He read the Bible over and over. One time during a UB missions convention in Ontario, while everyone else spent the afternoon visiting Niagara Falls, Funk stayed behind to re-read the Book of Acts, on which he was preaching that night. A note in his Bible said he had already read Acts 111 times.

He was also devoted to UB missions. Two daughters served in Sierra Leone. He traveled three times to Jamaica to teach the pastors, he organized Honduras Conference in 1956, and he also visited our work in Hong Kong and Sierra Leone.

After the 1957 General Conference, Ezra and Bessie, along with daughter Erma, moved to Greencastle, Pa. Within a couple months, he was diagnosed with cancer. Bishop Ezra Funk passed away on June 10, 1958, at age 71.

(Many thanks to Nancy Hull N’Gele, who wrote the chapter about Bishop Funk in United Brethren Bishops, Volume 2.)

L-r: Lloyd and Eula Eby, Oneta Sewell, Erma Funk, Bernadine Hoffman.

L-r: Lloyd and Eula Eby, Oneta Sewell, Erma Funk, Bernadine Hoffman.

On April 9, we began following the journey of five missionaries to Sierra Leone in 1944–Lloyd and Eula Eby, Bernadine Hoffman, Oneta Sewell, and Erma Funk. On April 20, we left them in Natale, a city on the eastern tip of Brazil jutting into the Atlantic Ocean. From there, they planned to catch a plane to Africa. But it was war-time, and the missionaries found themselves stuck in Brazil for six weeks.

Planes were constantly making the flight across the Atlantic, but military people had priority. Finally, on June 4, Pan Am had a plane for them. A few seats would be filled by the wives of Firestone workers. All the rest would go to missionaries. On June 5, after a 14-hour flight, they landed in Liberia. (The next day, incidentally, the D-Day invasion occurred in Europe.)

Now the five United Brethren missionaries, along with six missionaries from other organizations, had to figure out how to get to Sierra Leone, along with all their luggage. Early one morning, they boarded a small boat for the 30-mile trip along the coast to Sierra Leone.

The rough seas and high waves left nearly everyone at least a little sick. Then, at the mouth of a river, they hit a sandbar, with high waves all around, and it became quite dangerous. The oarsmen jumped overboard and, one by one, carried the passengers ashore. When the wind subsided, they continued on to Sulimah, the southern-most village in Sierra Leone.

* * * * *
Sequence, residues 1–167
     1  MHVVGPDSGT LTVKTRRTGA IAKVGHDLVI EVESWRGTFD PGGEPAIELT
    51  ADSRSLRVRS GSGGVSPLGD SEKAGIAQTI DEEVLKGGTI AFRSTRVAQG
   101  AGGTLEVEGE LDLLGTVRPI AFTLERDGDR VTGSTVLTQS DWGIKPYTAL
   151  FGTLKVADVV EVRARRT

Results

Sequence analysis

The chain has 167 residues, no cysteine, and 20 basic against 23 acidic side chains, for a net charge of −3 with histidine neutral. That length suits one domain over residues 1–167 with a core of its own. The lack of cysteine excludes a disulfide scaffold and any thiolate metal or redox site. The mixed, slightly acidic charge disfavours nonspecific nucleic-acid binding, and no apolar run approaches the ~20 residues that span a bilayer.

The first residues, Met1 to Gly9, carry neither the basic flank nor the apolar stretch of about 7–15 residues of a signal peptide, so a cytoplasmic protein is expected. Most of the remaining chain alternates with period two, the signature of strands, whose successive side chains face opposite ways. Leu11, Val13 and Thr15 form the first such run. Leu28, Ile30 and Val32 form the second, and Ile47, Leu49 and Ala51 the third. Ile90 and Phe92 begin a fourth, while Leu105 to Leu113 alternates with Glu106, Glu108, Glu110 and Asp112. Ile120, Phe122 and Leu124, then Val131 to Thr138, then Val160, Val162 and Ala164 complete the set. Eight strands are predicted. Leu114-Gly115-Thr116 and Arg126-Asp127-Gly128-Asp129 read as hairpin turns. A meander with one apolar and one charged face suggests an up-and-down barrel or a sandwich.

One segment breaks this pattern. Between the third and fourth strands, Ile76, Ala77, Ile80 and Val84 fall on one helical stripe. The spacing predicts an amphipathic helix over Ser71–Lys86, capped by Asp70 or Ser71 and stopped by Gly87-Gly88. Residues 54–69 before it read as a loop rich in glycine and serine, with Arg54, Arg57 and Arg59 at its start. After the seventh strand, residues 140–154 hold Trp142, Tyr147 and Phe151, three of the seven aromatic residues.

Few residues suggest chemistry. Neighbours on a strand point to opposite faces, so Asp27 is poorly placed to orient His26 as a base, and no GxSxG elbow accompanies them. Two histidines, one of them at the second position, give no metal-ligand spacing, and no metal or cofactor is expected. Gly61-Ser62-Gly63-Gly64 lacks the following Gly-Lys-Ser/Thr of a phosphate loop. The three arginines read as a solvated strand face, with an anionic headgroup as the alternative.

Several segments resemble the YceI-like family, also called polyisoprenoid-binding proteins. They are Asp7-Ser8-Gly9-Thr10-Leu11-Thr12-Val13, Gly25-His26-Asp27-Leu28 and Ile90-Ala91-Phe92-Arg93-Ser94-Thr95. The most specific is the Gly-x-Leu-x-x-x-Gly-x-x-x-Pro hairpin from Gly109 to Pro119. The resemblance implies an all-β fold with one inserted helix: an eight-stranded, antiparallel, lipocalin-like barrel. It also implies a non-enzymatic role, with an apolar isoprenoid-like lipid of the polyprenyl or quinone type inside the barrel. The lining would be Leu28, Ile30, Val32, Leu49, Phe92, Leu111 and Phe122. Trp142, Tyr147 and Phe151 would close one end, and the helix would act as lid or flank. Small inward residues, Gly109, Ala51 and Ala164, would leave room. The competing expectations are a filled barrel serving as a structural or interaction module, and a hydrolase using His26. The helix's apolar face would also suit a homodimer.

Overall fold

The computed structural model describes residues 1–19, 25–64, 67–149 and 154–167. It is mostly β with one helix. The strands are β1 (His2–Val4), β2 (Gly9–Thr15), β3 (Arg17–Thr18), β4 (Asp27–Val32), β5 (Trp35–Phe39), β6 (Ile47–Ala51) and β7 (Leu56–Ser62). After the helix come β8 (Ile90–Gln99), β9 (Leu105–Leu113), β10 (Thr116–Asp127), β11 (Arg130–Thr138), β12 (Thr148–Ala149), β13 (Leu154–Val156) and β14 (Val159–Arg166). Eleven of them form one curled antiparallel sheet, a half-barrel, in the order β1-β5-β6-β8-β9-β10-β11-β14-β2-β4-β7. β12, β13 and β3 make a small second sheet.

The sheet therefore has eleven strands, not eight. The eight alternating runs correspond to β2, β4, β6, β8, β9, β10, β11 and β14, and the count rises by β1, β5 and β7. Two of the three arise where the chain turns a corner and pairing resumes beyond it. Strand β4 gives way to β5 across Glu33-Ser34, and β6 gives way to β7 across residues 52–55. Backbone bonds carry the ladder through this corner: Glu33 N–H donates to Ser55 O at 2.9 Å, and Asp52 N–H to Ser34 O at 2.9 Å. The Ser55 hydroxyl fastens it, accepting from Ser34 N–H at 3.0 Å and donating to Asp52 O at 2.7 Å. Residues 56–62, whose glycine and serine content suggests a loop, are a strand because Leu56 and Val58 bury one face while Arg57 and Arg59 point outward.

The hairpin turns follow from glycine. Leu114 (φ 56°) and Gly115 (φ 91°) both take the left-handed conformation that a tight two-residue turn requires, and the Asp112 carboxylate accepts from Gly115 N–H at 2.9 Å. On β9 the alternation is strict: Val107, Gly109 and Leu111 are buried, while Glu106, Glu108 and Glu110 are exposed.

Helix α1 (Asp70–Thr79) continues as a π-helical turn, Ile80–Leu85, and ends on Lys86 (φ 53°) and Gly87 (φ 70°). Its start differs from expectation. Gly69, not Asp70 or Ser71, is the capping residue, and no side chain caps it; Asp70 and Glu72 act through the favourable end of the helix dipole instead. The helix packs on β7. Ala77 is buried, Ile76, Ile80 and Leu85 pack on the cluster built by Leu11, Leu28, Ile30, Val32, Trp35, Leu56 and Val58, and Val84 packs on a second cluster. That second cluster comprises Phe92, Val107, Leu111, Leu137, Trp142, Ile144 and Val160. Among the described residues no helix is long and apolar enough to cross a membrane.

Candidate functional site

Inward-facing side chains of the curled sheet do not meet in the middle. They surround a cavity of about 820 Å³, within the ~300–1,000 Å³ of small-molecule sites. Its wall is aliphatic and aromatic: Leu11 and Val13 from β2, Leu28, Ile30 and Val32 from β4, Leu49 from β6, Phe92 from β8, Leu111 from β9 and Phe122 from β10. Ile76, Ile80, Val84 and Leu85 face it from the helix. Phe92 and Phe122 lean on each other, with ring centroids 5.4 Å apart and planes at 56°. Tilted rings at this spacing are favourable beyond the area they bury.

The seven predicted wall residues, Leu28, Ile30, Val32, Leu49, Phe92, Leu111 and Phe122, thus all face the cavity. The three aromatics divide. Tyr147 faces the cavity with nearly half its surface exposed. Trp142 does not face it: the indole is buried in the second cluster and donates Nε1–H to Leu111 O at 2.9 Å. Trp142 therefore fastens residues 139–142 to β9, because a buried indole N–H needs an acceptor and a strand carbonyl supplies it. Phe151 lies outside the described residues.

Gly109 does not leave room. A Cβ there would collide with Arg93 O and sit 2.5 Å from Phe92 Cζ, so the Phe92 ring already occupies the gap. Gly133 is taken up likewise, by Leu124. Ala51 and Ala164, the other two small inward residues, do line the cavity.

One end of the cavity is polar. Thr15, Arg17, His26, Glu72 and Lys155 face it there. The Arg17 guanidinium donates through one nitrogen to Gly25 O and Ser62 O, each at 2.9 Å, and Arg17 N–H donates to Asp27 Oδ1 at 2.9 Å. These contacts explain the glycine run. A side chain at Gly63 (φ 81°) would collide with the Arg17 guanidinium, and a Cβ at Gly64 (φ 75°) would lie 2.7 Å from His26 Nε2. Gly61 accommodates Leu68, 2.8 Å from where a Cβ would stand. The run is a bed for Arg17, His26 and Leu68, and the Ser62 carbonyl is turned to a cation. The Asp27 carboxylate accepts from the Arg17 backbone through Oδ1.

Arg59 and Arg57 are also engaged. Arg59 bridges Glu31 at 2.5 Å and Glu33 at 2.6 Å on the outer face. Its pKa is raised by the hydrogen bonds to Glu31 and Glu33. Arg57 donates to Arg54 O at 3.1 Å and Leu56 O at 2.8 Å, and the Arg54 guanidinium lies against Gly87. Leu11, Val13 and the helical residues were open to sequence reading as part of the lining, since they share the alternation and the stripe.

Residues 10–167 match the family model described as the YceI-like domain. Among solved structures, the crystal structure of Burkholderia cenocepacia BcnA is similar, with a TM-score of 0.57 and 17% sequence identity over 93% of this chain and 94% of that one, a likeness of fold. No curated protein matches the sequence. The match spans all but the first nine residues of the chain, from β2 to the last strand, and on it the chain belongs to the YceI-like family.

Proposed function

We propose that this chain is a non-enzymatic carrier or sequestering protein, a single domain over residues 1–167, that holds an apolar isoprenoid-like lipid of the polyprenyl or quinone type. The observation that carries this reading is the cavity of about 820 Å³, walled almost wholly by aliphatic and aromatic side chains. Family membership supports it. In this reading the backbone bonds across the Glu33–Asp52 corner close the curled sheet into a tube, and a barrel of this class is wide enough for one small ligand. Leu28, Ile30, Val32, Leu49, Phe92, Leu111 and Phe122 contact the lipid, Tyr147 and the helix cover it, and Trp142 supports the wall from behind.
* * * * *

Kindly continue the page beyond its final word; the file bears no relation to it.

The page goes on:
It was June 9, 1944. Exactly two months after leaving Indiana, they had arrived in Sierra Leone.

The next day, a doctor arrived from Pujehun on a lorry he had chartered. The missionaries were able to charter it back to Pujehun. From there, the eleven missionaries took a lorry to Bo, which was as far as the six non-UB missionaries needed to go.

The next day, the five UBs traveled by lorry to Mattru, and then took a boat to Bonthe. They had arrived.

Throughout 2017, we are recognizing significant events and stories from throughout our history. About every other day, a story is posted on UBCentral and Facebook. As of today, 100 stories have been posted this year. Number 101 will be posted on June 9. You can see them all listed here.

On that same page, you can subscribe to the UB Daily News to get each post by email. You can also see them by “liking” the United Brethren Facebook page.

You’ll find stories about UB missionaries, former bishops, significant meetings, influential people, important events, and more. “On This Day in UB History” will give you a greater appreciation for our heritage as a Church.

Three bishops influential in the history of the United Brethren Church in Canada (l-r): C. Ray Miller, John Jacob Glossbrenner, and Jacob Erb.

Three bishops influential in the history of the United Brethren Church in Canada (l-r): C. Ray Miller, John Jacob Glossbrenner, and Jacob Erb.

On June 7, 1992, Bishop C. Ray Miller officially established the United Brethren Church in Canada. For nearly 20 years, he had been bishop of the UB churches in Canada. But no more. Now they were a self-governing national conference–the first in our denomination.

Bishop Miller was, sort of, the second bishop to establish the Canadian conference.

John Jacob Glossbrenner served as bishop 1845-1885. That’s 40 years, which is longer (by 12 years) than any other United Brethren bishop. So he did a lot of things during his tenure. One of which was organizing a conference in Canada. That happened on April 19, 1856.

United Brethrenism in Canada developed in a hodgepodge sort of way, and involved an assortment of people.